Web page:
Customer Reviews

201
4.5 out of 5 stars
Fujifilm 1014258 Superia X-TRA 400 35mm Film - 4 Pack (Discontinued by Manufacturer)
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Price:$13.95 + Free shipping with Amazon Prime
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49 of 49 people found the following review helpful
on February 15, 2001
Product Packaging: Standard Packaging
On an outing to the park with my nieces, I shot 5 rolls of film. I used several different film types: Kodak Gold 200, Fuji Superia X-tra 400, Fuji Superia X-tra 800, and Fuji color slide film. By far, the best pictures were from the Fuji 400 speed film. BAM!! The colors just jump out and grab you. Great skin tones. The grains on this film are superb when enlarged to 8x10. I am looking forward to trying Fuji's 100 and 200 speed films.
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72 of 77 people found the following review helpful
on October 20, 2000
Product Packaging: Standard Packaging
...and not just the 400 film. The 100 and 200 films are excellent too!
I had two rolls of film with me on an outing at one of Long Island's beatiful bays and inlets. One was Kodak and the other was Fuji. I took pictures of pretty much the same things: of boats docked or out sailing, of inlet scenery (green plants hanging over the water), etc. When I got the pictures back, Kodak was okay, but the ones that were taken with Fuji film were absolutely stunning. The pictures were crisp with vibrant colors. One of my favorite pictures was a picture of a sailing boat docked at a private area, with trees and plants framed around it. The greens in the trees and plants were truly every hue of green you would expect had you been there and so were the various murky shades of blue in the water and the contrasting white of the boat. The ashy shades of the dock itself were picked up nicely and the browns of the trees' bark can be clearly seen, making a nice foil for all the green shades in the plants. I loved it so much that I had it enlarged to poster size.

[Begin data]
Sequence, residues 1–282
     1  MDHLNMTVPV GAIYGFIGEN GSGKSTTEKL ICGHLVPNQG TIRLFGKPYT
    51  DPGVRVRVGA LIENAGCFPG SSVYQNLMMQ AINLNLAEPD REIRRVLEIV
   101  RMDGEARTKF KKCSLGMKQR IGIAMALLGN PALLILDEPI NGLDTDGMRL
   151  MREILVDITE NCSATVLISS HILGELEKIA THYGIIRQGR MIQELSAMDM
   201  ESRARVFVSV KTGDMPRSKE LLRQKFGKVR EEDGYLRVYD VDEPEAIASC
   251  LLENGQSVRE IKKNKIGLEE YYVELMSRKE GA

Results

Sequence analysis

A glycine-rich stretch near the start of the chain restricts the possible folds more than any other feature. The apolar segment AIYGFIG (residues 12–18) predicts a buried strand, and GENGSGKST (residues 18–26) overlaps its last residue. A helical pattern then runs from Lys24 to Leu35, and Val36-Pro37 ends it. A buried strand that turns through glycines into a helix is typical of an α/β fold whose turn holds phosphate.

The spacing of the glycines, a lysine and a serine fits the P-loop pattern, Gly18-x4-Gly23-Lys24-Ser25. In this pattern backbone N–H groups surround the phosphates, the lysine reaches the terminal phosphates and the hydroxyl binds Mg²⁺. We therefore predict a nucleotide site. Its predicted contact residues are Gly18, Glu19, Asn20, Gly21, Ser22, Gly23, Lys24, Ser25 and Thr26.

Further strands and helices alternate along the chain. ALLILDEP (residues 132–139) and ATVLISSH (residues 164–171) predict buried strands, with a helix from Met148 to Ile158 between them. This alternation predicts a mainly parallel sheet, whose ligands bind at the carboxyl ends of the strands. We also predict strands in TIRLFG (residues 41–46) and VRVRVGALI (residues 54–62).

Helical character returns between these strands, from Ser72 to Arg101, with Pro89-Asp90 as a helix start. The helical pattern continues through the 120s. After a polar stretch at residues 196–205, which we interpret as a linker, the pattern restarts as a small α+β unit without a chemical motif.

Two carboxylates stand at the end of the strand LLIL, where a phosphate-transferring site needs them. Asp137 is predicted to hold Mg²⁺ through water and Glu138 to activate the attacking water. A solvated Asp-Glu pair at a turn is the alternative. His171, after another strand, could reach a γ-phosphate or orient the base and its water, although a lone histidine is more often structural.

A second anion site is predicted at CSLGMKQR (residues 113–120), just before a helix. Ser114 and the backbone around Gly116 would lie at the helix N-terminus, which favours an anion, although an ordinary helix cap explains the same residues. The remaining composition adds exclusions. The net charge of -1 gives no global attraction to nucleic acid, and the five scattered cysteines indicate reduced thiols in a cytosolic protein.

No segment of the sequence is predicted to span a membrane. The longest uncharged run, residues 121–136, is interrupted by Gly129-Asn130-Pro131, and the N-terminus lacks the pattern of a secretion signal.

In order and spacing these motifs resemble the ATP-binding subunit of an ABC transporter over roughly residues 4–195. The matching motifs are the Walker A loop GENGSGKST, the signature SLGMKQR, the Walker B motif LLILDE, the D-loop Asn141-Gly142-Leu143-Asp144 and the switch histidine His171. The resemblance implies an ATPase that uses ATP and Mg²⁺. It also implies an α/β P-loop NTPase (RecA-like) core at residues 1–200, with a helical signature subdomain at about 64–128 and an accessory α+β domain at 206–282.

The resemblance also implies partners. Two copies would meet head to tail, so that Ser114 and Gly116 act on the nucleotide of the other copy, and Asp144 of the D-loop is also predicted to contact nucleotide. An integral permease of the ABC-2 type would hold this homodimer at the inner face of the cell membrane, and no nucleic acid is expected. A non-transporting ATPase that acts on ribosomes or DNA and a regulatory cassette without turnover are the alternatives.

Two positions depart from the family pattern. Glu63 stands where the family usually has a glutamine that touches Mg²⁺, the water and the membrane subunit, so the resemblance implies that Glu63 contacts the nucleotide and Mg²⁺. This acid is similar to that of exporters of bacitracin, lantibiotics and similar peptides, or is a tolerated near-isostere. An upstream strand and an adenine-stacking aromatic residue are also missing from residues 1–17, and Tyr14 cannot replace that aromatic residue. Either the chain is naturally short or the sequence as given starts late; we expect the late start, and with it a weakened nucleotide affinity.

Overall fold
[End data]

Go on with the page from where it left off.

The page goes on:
Fuji film has been the only film I use since then. I have yet to try the 800 film, but having read the review on it from here, as well as having my own good experiences with Fuji film, I have no doubt that it would please me as well!
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36 of 40 people found the following review helpful
on May 5, 2013
Product Packaging: Standard PackagingVerified Purchase
The 4 rolls came in an unmarked cellophane wrap and did not have the expiration date noted for the rolls. That was what I was interested in knowing. If they had come in the Fuji packaging as noted then it would have had the expiration dates printed on the packaging. I would not have bought them if I know they came in that manner. Please do not mislead us this way. Otherwise I'll look elsewhere for these items.